On 3rd February 1569 Mary Stuart arrived at Tutbury Castle; this was to be her prison, during four extended visits, until Christmas 1585.
She disliked the castle because it was cold and draughty. When I was there recently, although the castle occupies a prominant site overlooking the Derbyshire and Staffordshire countryside for miles in each direction, with magnificent views, I could see that it would have been exposed to whatever the weather chose to deliver.
The castle would have been a formidable fortress in its day. However, it was remodelled by Charles I in the 1630s when huge classical windows were set into the curitain wall. As a consequence the castle suffered terrible damage in the Civil War when it was besieged by Parlimentarian armies. It suffered further demolishion when the War ended.
The site of the Queen's lodgings is marked; these were discovered when the inner bailey of the castle underwent a historical dig. These lodgings would have been a timber-framed house which was set against the inside of a part of the curtain wall.
Mary Stuart was Catholic and, having been the subject of English State plots from her earliest years, was now totally at the mercy of those plotters. Elizabeth Tudor and her agents were desperately setting up that particular form of the Enlightenment which is the Church of England, as a defensive cultural entity to protect the English State from Catholic truth. Curiously, having become a formalistic culture within the English State, we see today the same Church of England wrestling with its own self-focussed, self-embattled, agenda.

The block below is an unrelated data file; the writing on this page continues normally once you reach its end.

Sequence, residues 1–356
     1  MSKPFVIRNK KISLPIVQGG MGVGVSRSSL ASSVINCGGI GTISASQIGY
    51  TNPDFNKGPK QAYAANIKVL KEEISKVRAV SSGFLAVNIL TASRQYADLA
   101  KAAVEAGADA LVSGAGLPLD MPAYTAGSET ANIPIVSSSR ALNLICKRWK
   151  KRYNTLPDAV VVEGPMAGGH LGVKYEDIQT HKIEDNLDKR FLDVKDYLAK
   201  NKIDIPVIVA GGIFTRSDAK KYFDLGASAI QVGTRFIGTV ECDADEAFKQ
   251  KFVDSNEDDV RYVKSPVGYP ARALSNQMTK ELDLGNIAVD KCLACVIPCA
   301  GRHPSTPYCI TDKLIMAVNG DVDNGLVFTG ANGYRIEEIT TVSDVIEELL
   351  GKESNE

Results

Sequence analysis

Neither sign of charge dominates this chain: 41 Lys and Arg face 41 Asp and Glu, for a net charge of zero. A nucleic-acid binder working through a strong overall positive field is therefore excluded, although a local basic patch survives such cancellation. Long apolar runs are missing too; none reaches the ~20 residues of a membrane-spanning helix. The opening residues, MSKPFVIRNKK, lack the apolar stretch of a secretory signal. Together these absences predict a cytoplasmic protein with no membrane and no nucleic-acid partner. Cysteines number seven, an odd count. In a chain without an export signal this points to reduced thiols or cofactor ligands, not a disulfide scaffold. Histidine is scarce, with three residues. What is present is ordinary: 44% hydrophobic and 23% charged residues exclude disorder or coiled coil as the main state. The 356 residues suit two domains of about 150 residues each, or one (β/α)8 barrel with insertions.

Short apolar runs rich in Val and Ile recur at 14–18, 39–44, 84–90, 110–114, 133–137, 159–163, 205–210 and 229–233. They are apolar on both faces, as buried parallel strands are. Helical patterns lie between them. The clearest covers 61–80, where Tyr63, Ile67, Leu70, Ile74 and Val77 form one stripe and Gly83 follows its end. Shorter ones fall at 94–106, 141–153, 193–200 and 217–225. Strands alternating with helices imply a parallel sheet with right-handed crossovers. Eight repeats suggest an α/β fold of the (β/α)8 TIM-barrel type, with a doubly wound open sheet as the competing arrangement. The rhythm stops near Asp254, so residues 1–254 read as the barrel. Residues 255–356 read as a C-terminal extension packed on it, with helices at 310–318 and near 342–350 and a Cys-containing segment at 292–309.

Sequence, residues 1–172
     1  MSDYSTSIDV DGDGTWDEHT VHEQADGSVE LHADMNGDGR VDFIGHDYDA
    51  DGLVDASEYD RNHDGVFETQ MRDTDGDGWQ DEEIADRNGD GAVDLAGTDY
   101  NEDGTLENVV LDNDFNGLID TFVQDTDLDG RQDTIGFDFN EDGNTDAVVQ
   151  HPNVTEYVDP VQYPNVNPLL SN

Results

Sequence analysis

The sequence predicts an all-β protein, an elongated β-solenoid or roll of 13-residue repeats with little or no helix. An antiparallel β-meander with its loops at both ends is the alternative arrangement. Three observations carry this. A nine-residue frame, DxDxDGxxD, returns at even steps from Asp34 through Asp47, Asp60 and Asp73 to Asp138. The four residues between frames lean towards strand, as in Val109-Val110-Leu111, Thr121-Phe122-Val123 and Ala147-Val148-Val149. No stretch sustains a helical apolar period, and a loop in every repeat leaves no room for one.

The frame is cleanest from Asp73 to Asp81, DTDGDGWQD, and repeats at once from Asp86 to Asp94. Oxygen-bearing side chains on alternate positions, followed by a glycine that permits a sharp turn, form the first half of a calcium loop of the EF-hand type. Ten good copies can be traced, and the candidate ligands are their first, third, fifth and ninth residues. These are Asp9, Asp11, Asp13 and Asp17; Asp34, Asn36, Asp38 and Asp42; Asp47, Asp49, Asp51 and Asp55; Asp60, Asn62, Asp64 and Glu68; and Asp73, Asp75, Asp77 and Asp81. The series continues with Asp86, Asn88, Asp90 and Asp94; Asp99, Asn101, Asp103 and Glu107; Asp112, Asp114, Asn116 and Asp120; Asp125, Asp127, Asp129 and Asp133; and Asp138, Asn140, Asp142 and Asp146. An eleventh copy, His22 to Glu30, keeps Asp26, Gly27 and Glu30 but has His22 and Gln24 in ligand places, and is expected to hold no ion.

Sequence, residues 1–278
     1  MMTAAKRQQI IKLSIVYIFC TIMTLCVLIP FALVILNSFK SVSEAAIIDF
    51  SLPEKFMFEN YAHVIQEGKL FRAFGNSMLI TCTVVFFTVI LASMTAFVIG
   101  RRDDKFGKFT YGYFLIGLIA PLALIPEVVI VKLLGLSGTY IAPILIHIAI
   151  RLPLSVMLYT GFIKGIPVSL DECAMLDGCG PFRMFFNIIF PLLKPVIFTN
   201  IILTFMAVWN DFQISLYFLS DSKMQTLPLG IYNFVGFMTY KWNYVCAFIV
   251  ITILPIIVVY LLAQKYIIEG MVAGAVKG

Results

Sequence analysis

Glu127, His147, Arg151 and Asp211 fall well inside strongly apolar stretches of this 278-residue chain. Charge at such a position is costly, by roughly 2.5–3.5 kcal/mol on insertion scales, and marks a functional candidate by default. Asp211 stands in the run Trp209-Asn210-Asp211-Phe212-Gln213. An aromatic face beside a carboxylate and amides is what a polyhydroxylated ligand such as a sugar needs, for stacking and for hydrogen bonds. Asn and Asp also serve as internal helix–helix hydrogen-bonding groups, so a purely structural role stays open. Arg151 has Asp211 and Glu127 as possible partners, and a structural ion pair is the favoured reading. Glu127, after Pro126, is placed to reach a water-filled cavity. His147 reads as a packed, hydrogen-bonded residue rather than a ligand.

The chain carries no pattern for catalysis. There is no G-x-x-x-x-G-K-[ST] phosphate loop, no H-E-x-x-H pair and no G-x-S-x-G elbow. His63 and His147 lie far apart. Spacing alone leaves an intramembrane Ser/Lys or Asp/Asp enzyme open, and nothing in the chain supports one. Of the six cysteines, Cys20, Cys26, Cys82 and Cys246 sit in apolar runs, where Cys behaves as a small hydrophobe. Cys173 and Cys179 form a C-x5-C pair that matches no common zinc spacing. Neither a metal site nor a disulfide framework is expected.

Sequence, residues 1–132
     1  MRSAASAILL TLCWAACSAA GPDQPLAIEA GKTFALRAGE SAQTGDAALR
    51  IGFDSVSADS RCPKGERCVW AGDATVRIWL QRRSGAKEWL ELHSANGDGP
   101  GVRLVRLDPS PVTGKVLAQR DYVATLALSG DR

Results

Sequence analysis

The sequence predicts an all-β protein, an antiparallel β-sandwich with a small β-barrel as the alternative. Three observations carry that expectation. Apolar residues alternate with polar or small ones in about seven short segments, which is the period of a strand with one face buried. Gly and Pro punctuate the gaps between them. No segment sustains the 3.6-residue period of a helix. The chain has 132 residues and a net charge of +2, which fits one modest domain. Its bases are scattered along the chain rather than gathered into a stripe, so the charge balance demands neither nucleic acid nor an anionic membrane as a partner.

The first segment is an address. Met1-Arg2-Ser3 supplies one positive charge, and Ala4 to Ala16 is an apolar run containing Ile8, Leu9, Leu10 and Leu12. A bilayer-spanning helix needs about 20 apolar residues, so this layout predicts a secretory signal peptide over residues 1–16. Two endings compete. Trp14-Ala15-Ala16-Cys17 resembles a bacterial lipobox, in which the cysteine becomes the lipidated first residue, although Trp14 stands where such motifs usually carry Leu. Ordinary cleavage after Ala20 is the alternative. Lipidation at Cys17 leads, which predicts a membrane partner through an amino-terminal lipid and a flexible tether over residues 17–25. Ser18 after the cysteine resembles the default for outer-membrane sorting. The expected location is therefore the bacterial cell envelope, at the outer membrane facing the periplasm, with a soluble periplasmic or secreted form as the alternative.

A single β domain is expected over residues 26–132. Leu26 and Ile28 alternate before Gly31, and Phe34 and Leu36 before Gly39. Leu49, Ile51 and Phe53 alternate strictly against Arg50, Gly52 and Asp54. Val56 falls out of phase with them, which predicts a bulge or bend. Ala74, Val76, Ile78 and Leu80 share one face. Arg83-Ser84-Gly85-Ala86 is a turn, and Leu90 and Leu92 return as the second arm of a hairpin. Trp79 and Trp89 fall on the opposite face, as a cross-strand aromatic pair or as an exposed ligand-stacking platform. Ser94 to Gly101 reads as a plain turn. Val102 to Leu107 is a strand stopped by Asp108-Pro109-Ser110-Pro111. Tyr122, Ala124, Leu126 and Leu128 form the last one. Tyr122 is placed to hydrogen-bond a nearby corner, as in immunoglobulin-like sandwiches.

Many in England and beyond knew that Mary Stuart should be free and they placed their hope in the expectation that her confinement would only be temporary. I don't think that anyone then could see just how deeply this form of the Enlightenment was being entered into and forced upon the English, and the hopes of many were vain hopes.